Lookin’ good so far. To get to this point, I drew out my pattern in Photoshop, printed it out at the size I wanted, cut out the shape from my printed copy, ironed my fabric onto the heat and bond, traced the pattern onto the heat’n’bond paper backing, and then cut out the pattern on the fabric. I could then remove the paper backing from the fabric, and iron the design onto my jacket pieces. The heat of the iron activates the glue. 🙂
Then it’s just a matter of topstitching over the pattern with decorative thread, and you’re done!
Rrrtttttt!! *sound of record scratching*
Um. Well. Sorta. That’s how it was SUPPOSED to go anyway. In reality, after I followed all of those steps I got a great big pucker-fest.
Needless to say, I was not pleased. The puckers wouldn’t iron out. Good thing I did the back piece first. No time to re-do, so hopefully nobody will notice. And if they do notice, I’ll already be walking away. Ha!
So EVEN THOUGH Heat’n’Bond says that it’s it’s own stabilizer and nothing additional should be needed, I went out to Joann’s the next day and got some heavy-duty tear-away stabilizer for the front panels. (So heavy duty I couldn’t actually tear it all away, I had to just cut pretty-close. Sigh. I’m not good at finding middle grounds it seems.)
Mmmmmm so smoooooth.
You can also see the gold thread stitching detail I used to hold down the applique in this photo. It reminds me of a Mandelbrot Set.
At some point during the last week (my memory is getting a bit fuzzy) my buddy Jean came over to help me make yards and yards of bias tape and a big ole’ fluffy braid hair extension to hide the fact that my hair doesn’t touch my shoulders. She was a very welcome guest, and I think she contributed mightily to me not burning out halfway through last week. Of course, this distraction also means I completely forgot to take any photos, and then also haven’t documented any additional progress up until now.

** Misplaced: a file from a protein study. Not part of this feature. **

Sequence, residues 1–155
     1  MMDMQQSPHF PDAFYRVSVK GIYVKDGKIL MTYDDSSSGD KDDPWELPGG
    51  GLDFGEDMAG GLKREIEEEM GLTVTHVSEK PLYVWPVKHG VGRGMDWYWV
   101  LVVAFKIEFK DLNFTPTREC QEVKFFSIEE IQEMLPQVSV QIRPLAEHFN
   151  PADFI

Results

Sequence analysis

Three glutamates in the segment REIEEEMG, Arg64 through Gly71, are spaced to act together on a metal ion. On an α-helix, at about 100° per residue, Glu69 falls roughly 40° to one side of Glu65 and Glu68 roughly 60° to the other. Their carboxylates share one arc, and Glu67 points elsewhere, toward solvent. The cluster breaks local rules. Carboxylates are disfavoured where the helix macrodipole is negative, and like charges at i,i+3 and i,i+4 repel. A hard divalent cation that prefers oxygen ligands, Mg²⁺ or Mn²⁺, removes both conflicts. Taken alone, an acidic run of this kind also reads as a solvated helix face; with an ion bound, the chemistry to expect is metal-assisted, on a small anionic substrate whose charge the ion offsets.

So, with the magic of the internet, let’s just fast forward to last night’s progress!
The teal Franken-dress is done! (well, besides for taking up and finishing the hem. I call it the Franken-dress based on how many pieces I had to cut up and modify to get the bodice fitting me passably correctly… guh. My dress form is made to fit my corsetted form, not my natural form, so every alteration had to be made by myself while I was wearing the damned thing. At least it’s all hidden under the jacket so no one can see my shame. (Except for you dear reader, reading this now. You now know my shame.)
And the jacket is done! (Er, well, I need to add some hooks and eyes… but that’s like, practically nothing in the grand scheme of things!)
And YES! ALL THAT TRIM IS ATTACHED! (I had to sew it all on by hand… and it was THICK stuff to get through, lemme tell you.)
And the slippery expensive chiffon is attached to the sleeves and hemmed! (THANK YOU narrow rolled hem function on my serger!)
And I still have 3 days until Steamcon! Which means I can re-make my harem pants in the rougher textured fabric, and maybe even take a trip down to Sephora to get some new eyeliner and make-up tips. 🙂
I hope I’m not jinxing myself (since technically I still want to make that second pair of harem pants and you never know what could happen between then and now,) but I think this may be the first convention I’ve made a costume for where I haven’t been sewing right up until the morning of.